Please comment if you have been impacted by these state licensure issues when either consulting out of state or seeking a consultation from an out-of-state neuropathologist. I'm sure your colleagues would be interested in hearing your story.

Wednesday, September 2, 2015

Neuropathology Goes Hollywood: "Concussion" Opens in Theaters December 2015

Dr. Bennet Omalu, the first neuropathologist to draw a connections between playing football and the development of Chronic Traumatic Encephalopathy, is featured in a movie starring Will Smith slated to open in December. Check out the trailer!
Will Smith portraying Bennet Omalu, MD in the movie "Concussion"
Not surprisingly, according to a New York Times report, the National Football League intervened in the making of the film so that the final cut would not vilify the nation's most-watched game.

Sunday, August 23, 2015

Best Post of January 2015: Dr. Pierluigi Gambetti steps down as director of national prion surveillance center

The next in our "Best of the Month" series comes from January 5, 2015:

Pierluigi Gambetti, MD
Dr. Pierluigi Gambetti has stepped down as director of the National Prion Disease Pathology Surveillance Center. In a letter to members of the American Association of Neuropathologists, Dr. Gambetti writes:

"I will be resigning as Director of the National Prion Disease Pathology Surveillance Center effective January 1, 2015. I will continue to be associated with the Center in an advisory position and as consultant for special cases. Dr. Jiri Safar, Associate Professor of Pathology and Neurology at Case Western Reserve University, will be the new director."

Dr. Gambetti goes on to state that the NPDPSC "will remain unchanged", continuing to coordinate autopsies on suspected prion disease cases. Dr. Mark Cohen will continue to have primary responsibility for the histologic and immunohistochemical assessment of cases.

Saturday, August 15, 2015

College of American Pathologists Neuropathology Committee Meets this Weekend

I am delighted to be in Chicago this weekend meeting with my wonderful colleagues on the College of American Pathologists Neuropathology (CAP-NP) Committee. We are making plans for a SAM-eligible educational product that will update you on the 2015 iteration of the World Health Organization Classification of Tumors of the Central Nervous System. The new WHO book is set to be published in October of this year; and we on the committee are making plans to create a CD to be issued a year from now designed to keep you in the loop regarding the latest in CNS tumor classification. This weekend's meeting also marks the end of Dr. Dan Brat's tenure as CAP-NP chairman. Dr. Brat will  be replaced by the illustrious Dr. Eyas Hattab at the helm of the CAP-NP Committee. After a long day at work today on the CAP-NP educational product, committee members retired to Smith and Wollensky Steakhouse for some well-deserved nourishment before returning to finish up our work tomorrow. In addition to Drs. Brat, Hattab, and myself, current committee members include Drs. Bill Hickey, Joe Ma, Roger McLendon, Matthew Schneiderjan, Aaron Wagner, Cynthia Welsh, and junior member Matthew Cykowski.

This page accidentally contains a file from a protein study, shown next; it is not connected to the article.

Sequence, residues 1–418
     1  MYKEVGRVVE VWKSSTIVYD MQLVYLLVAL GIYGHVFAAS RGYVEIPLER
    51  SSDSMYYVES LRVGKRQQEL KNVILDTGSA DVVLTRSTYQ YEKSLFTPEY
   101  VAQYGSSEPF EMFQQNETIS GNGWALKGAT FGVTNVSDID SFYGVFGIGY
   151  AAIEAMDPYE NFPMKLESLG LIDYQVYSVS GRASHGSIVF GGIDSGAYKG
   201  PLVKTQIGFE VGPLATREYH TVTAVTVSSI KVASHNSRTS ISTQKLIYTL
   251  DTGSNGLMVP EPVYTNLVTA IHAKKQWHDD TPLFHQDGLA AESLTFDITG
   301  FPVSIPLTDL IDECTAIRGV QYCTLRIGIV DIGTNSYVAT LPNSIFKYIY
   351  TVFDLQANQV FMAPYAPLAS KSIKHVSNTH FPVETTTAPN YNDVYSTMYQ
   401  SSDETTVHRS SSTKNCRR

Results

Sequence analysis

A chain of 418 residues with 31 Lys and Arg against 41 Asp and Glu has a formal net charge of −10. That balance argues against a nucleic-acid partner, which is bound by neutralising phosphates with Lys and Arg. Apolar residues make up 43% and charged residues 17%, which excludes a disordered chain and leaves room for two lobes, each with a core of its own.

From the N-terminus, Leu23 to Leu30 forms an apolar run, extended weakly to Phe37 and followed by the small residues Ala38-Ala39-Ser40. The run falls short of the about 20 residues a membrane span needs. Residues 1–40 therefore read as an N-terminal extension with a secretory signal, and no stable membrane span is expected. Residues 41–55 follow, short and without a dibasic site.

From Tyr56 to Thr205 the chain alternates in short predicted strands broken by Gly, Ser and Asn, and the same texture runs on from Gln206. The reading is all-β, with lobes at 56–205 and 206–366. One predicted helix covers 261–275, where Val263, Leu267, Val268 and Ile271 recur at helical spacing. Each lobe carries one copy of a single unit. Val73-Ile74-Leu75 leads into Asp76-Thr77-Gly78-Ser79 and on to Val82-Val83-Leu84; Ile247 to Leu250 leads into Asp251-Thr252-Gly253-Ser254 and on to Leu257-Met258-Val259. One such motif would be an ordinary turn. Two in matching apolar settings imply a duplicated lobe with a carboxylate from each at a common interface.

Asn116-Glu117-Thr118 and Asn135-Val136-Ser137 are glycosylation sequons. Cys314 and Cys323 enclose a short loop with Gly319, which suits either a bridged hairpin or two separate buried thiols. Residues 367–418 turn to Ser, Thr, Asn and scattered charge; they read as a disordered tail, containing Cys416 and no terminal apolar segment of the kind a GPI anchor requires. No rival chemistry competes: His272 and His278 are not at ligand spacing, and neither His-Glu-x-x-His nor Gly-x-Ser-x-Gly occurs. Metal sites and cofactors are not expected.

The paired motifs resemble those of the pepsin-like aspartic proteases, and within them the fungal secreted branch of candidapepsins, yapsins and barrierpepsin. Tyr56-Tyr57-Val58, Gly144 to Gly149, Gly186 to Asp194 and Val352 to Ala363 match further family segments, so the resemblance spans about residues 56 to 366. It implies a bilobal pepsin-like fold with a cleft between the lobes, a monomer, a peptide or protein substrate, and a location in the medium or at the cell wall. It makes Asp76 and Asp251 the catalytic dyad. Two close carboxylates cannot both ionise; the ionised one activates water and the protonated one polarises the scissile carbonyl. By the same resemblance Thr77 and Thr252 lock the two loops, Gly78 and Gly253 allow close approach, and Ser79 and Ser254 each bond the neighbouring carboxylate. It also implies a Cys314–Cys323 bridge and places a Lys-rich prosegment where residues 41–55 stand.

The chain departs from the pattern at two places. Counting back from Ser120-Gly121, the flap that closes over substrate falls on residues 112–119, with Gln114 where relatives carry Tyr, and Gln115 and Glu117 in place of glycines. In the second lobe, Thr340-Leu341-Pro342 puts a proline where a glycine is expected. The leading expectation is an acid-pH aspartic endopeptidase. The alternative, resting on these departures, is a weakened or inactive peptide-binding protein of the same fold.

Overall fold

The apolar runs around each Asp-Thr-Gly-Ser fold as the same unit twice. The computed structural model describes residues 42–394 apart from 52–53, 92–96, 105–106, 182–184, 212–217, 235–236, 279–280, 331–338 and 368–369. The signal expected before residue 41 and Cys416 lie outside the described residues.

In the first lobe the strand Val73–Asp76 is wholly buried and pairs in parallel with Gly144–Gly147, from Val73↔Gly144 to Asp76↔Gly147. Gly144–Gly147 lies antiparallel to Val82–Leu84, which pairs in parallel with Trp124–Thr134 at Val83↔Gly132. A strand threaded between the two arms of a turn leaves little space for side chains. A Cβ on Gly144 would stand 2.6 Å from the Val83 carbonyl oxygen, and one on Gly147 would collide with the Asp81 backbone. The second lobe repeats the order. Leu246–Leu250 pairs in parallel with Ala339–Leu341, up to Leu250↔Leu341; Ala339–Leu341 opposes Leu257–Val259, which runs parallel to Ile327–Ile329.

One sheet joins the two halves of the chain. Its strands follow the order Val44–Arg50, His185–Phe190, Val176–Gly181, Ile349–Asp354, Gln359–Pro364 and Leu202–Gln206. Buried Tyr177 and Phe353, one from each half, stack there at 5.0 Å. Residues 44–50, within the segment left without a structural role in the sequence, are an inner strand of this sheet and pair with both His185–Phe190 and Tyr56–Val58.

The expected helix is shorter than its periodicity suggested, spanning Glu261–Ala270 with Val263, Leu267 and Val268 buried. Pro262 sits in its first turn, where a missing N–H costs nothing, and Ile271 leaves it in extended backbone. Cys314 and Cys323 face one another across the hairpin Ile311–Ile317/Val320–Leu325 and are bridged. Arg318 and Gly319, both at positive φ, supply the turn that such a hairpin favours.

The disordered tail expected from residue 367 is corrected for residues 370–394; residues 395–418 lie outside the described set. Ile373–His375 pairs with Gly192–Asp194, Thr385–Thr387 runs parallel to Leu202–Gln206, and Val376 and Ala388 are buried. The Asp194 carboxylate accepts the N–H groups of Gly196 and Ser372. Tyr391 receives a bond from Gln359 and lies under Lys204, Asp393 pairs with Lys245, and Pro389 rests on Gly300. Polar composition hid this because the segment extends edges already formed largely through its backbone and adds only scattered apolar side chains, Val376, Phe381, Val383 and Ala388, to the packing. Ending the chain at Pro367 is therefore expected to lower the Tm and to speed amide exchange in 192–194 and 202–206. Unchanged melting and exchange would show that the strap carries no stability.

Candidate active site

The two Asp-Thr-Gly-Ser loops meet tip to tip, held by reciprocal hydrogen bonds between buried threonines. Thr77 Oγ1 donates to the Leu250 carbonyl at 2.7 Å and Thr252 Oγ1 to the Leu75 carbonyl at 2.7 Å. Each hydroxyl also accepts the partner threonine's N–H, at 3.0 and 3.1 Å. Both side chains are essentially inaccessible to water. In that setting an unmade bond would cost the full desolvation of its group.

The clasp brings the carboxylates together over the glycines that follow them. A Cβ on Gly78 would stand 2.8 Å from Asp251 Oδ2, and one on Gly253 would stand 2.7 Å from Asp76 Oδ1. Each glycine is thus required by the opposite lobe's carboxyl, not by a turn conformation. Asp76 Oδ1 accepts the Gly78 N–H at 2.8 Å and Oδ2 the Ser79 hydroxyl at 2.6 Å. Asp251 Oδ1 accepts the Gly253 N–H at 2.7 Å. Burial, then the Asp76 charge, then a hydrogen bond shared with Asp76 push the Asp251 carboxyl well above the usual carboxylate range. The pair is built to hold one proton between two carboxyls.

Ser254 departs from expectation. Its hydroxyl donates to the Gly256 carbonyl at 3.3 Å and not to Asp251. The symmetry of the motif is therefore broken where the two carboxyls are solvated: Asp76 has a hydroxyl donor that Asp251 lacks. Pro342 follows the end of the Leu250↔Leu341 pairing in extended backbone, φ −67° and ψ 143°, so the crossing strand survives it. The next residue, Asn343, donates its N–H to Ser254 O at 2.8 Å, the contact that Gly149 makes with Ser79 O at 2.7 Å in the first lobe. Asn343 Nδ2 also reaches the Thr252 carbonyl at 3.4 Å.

Rania Hattab (wife of Dr. Eyas Hattab) and Dr. Joe Ma enjoy a morsel of chocolate cake at tonight's CAP-NP dinner

Outgoing CAP-NP committee members Dr. Dan Brat and Dr. Cynthia Welsh will be sorely missed

Wednesday, August 5, 2015

The Tumor Biomarker Series: INI1

This is the last in my tumor biomarker series -- at least until future significant biomarkers are established. I conclude this series with a short description of INI1, a marker for atypical teratoid/rhabdoid tumor (AT/RT). A clinically aggressive embryonal tumor of infancy, AT/RT is characterized by mutations in SMARCB1/INI1 (HSNF5). Immunohistochemical evaluation of AT/RT for the INI1 protein using the BAF47 antibody shows a loss of labelling in tumor cell nuclei, with retention of staining in internal positive control cells such as endothelial cells. Since AT/RT has morphologic overlap with medulloblastoma, CNS PNET, choroid plexus carcinoma, GBM, and other malignant tumors of childhood, INI1 immunohistochemistry is extremely useful in arriving at a diagnosis of AT/RT. A diagnosis of AT/RT carries implications for genetic counseling as this tumor -- in about a one-third of cases -- is a component of the rhabdoid tumor predisposition syndrome (RTPS) wherein there is a germline mutation of SMARCB1/INI1. Because of the risk associated with RTPS, the germline status of SMARCB/INI1 is typically assessed for each new case of AT/RT.